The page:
Meet our Organizers: Sebastian from Prince George
Looking back on the 2019 celebrations, we want to highlight some exceptional organizers who help make the Culture Days weekend what it is across Canada. Last year, Sebastian Nicholson in Prince George, BC, organized a city-wide treasure hunt for hidden mushroom castings painted by the community itself. We asked him some questions about what leads his artistic practice to forage for connections. Here’s what he said.
Find more organizer profiles here.
Describe your city in 3 words:
I would describe Prince George as Comfortable, Caring, and Divided.
What does it mean to be an artist working and living in Prince George?
Prince George is a “trades” town and not everyone is given the same opportunity to nurture their art equally. Being an artist in Prince George means sharing opportunity and working to foster an environment where individuals feel safe to express themselves. Leading by example and enabling creativity are two pillars of my mission statement.
How has your community impacted your artistic practice?
Our community is interesting in that we take the space of a large city but are a small town at heart. The distance between neighbourhoods forms geographic and social barriers between many individuals, which leads my practice to forage for connections.
Where is your favourite place to go to find inspiration and indulge your mind?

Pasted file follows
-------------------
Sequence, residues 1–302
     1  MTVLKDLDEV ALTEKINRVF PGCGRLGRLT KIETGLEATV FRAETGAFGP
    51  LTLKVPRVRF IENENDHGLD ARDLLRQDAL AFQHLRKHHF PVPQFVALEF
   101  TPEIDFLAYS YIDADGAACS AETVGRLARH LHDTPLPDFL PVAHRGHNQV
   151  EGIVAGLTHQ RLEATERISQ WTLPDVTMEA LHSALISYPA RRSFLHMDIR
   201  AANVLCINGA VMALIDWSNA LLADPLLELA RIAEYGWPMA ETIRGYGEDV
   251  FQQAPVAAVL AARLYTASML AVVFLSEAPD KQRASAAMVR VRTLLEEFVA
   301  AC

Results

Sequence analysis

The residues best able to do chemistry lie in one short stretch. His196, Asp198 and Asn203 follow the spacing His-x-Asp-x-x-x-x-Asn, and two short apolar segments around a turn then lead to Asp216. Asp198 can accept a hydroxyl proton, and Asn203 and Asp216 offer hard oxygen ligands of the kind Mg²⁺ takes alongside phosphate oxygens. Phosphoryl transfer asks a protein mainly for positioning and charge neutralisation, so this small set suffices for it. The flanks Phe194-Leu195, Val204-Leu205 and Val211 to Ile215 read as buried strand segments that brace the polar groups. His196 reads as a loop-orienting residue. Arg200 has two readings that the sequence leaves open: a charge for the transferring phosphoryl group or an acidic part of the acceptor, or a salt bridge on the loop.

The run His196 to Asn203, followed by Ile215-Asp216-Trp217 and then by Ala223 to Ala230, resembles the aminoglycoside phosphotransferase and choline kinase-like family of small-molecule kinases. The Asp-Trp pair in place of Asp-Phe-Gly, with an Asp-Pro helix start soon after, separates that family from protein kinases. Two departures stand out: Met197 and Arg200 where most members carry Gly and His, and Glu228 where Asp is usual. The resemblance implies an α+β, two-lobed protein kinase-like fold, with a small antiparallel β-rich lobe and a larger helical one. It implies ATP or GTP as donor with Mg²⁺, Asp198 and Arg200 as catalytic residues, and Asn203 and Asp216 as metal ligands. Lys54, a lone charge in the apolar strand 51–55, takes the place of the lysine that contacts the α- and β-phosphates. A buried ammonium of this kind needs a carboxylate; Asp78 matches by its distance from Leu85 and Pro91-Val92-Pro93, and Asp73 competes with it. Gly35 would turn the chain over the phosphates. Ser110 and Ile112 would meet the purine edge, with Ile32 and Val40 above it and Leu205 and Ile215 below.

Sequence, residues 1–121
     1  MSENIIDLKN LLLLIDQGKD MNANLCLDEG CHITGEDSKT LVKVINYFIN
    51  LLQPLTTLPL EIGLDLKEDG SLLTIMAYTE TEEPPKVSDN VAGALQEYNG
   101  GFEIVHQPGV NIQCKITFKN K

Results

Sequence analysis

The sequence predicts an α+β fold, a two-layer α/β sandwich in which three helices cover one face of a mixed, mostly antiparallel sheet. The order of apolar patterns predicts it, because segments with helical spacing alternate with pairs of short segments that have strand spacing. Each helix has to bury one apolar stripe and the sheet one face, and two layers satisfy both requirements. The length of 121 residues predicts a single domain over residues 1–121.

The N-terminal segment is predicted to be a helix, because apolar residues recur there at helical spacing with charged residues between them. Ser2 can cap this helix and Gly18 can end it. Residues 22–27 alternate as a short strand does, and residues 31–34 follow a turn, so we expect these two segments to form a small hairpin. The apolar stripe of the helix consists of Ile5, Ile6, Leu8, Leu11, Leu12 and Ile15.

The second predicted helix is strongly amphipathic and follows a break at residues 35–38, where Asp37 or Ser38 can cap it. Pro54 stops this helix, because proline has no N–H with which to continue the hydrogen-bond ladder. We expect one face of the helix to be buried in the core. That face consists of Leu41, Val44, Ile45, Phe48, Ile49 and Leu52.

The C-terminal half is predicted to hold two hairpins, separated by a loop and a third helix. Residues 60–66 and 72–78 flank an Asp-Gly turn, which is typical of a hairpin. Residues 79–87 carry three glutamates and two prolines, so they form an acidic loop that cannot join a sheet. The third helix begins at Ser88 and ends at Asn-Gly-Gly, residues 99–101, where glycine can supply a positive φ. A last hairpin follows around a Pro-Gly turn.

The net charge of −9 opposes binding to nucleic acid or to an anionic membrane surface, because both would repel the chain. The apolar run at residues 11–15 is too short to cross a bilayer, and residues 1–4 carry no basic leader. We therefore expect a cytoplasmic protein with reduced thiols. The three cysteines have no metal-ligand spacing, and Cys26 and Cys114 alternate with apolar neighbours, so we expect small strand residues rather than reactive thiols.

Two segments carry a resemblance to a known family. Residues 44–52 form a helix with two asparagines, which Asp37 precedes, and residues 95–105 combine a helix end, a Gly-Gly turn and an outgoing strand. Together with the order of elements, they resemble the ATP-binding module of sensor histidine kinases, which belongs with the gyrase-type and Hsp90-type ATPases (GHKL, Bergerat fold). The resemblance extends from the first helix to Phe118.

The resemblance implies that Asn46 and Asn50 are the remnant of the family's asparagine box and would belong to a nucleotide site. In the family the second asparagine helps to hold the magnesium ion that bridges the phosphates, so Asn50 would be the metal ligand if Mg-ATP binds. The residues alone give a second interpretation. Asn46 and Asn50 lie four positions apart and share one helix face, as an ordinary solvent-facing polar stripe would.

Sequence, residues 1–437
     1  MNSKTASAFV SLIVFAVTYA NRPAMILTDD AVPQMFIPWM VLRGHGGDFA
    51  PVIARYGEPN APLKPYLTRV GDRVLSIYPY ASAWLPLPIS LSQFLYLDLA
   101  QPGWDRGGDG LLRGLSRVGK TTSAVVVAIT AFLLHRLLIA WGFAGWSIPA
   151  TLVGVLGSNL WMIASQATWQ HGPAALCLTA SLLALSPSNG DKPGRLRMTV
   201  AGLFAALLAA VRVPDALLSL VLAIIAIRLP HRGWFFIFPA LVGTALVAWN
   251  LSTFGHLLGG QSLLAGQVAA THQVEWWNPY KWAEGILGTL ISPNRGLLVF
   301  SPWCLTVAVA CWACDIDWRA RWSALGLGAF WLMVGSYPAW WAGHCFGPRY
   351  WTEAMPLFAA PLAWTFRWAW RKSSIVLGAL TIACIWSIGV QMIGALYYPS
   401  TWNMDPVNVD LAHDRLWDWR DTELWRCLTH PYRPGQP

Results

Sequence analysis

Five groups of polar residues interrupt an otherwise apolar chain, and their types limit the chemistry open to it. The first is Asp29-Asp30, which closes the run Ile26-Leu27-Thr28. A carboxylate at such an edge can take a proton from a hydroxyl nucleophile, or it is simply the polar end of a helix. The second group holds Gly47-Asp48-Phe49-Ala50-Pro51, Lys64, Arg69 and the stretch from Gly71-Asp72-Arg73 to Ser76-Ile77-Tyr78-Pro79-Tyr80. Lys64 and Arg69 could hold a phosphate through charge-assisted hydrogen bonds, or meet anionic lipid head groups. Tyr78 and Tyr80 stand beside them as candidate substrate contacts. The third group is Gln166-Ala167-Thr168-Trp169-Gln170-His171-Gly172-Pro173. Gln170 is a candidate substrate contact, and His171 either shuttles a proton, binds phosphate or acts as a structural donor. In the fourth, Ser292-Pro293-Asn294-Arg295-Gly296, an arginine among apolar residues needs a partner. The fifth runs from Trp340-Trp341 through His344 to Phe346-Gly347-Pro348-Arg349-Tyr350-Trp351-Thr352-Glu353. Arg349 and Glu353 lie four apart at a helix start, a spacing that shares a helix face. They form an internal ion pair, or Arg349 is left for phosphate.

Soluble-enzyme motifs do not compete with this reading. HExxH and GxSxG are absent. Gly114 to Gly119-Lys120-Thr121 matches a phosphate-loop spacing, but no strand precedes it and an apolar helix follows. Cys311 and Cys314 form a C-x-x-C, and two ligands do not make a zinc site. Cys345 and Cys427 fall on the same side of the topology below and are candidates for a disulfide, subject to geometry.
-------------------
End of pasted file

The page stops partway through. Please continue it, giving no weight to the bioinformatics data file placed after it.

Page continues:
I, honestly, love exploring the streets! There are so many residential roads and parks that few visit without living there themselves. It gives me a chance to observe nature and find inspiration from unexpected places.
First of all, fungi are responsible for my favourite soup. Second of all, they are a lot more like us than we know. I made the connection when I was walking about and noticed a tree covered in shelf fungus. I couldn’t help but ask myself, “Are they friends? Are they family?” Then I looked around and saw other trees covered in the same units of fungus before realizing they had their own community! How human of them.
What motivates you to make connections between your community, the natural world, and art?
Art and nature have the power to connect with people on a very basic level. By offering community-based art projects related to our environment I create an opportunity for people to engage and bond over our shared space, experience, and land.
This year you served as a BC Culture Days Ambassador. Why did you decide to participate?
For years after I graduated high school I worked in forestry as part of my commitment to get a “real job”. I made a big decision to go back to my hometown to follow my calling and accept my identity as an artist. Serving as a BC Culture Days Ambassador was an incredible experience that gave me confidence as well as the means to engage my community in the way I always dreamed about.
Your project, The Spores of Joy, revolved around a community scavenger hunt for hand-painted objects. What inspired you to create a treasure hunt?
Since I was young, I have always loved exploring and engaging with my environment. I wanted to give Prince George the same opportunity by hiding the sculptures in accessible locations and inviting the community to interact more with their city, people included. The objects were all concrete casts of tree fungus that were painted by people from all walks of life. Over the months leading to BC Culture Days I shared this opportunity with galleries, summer camps, and treatment centres.
What does the year ahead hold for you creatively?
That is quite a loaded question. I will be teaching art classes at Two Rivers Gallery, joining some Art Battles, and working on the next big project. I want to keep the momentum from BC Culture Days going and offer The Spores of Joy to other communities. The dream is to connect the whole world!